Westinghouse and Ansaldo Nucleare collaborate on next-gen LFR nuclear plant

04 October 2022

Westinghouse Electric Company and Ansaldo Nucleare have signed a new cooperation agreement to develop a next generation nuclear power plant based on Lead-cooled Fast Reactor (LFR) technology.

The hope is for a step-change (Image: Westinghouse) The agreement will see the two companies advance a "common design to maximise synergies, combine experience in design, testing and licensing and align respective partner and supply chain organisations".

The two companies have worked together for four decades developing advanced Light Water Reactor technology through AP600 and AP1000 plant projects.

Ansaldo Nucleare’s chairman, Roberto Adinolfi, said: "Ansaldo Nucleare shares a common vision with Westinghouse. Ansaldo has strongly believed and invested in LFR technology since the beginning of the century, and we are eager to start another journey of collaboration with Westinghouse toward its deployment."

Westinghouse’s chief technology officer, Rita Baranwal, said: "The joint work we have accomplished already will serve as a springboard to accelerate LFR technology development. We are developing an economically competitive, versatile and sustainable nuclear power plant which will be deployed to accommodate the needs of diverse communities and evolving energy markets, including district heating, hydrogen generation, and water desalination."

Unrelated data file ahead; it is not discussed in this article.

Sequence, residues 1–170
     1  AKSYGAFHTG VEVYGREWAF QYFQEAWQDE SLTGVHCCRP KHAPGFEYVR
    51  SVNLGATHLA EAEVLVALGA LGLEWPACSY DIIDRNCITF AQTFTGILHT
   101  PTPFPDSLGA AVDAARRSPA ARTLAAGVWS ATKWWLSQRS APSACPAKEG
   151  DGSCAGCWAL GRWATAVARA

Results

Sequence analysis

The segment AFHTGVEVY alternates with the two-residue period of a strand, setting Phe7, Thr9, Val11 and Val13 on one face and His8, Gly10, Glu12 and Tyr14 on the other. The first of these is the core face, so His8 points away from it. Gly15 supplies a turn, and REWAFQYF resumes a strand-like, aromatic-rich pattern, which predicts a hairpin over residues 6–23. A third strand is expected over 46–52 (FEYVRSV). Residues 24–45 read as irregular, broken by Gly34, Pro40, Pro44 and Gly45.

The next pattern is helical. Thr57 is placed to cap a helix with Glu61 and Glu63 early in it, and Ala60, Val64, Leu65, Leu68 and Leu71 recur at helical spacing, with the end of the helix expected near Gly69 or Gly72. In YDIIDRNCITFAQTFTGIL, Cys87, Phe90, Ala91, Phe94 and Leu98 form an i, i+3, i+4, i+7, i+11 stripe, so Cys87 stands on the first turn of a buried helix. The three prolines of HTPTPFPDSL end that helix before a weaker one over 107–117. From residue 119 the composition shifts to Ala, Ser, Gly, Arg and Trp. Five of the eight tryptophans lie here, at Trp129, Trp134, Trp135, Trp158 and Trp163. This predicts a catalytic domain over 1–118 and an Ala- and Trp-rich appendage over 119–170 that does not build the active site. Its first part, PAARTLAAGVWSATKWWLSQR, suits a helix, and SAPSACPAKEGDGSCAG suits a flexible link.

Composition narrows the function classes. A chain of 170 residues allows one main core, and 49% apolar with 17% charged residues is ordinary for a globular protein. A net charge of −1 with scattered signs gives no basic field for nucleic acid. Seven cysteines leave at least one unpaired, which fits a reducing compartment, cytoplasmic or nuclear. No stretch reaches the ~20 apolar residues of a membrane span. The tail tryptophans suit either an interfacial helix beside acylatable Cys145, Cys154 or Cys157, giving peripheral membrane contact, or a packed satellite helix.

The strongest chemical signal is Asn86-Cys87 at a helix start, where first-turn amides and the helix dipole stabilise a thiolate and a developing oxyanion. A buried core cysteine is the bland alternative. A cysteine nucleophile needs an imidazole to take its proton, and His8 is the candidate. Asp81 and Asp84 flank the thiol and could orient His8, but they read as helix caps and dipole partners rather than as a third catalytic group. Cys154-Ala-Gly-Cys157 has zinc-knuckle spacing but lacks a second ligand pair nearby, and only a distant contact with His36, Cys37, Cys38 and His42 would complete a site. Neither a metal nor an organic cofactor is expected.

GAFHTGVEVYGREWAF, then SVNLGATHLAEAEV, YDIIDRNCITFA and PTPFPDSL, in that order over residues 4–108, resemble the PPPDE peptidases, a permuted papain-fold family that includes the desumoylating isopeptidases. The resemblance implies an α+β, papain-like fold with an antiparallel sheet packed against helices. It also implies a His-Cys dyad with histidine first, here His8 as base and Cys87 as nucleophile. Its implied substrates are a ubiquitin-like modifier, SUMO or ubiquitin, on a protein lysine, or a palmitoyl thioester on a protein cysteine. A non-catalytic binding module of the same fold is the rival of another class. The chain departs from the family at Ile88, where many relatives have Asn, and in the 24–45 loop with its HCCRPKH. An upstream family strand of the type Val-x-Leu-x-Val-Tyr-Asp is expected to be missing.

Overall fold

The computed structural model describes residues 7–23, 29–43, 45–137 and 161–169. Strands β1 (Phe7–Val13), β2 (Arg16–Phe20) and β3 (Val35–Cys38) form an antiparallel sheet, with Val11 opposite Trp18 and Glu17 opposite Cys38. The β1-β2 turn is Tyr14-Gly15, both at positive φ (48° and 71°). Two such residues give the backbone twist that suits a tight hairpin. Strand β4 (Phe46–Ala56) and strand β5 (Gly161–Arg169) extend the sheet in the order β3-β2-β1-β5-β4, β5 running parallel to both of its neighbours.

The companies said the agreement "builds upon development activities already under way in the UK, USA, Italy and Romania where more than ten state-of-the-art, lead-based test facilities are being installed".

World Nuclear Association says LFRs are "a flexible fast neutron reactor which can use depleted uranium or thorium fuel matrices, and burn actinides from LWR fuel. Liquid metal (Pb or Pb-Bi eutectic) cooling is at atmospheric pressure by natural convection (at least for decay heat removal). Fuel is metal or nitride, with full actinide recycle from regional or central reprocessing plants. A wide range of unit sizes is envisaged, from factory-built "battery" with 15-20 year life for small grids or developing countries, to modular 300-400 MWe units and large single plants of 1400 MWe".

The two companies said: "The objective is step-change performance improvement relative to traditional nuclear technology, including enhanced economics, market versatility beyond electricity and improved sustainability."

Researched and written by World Nuclear News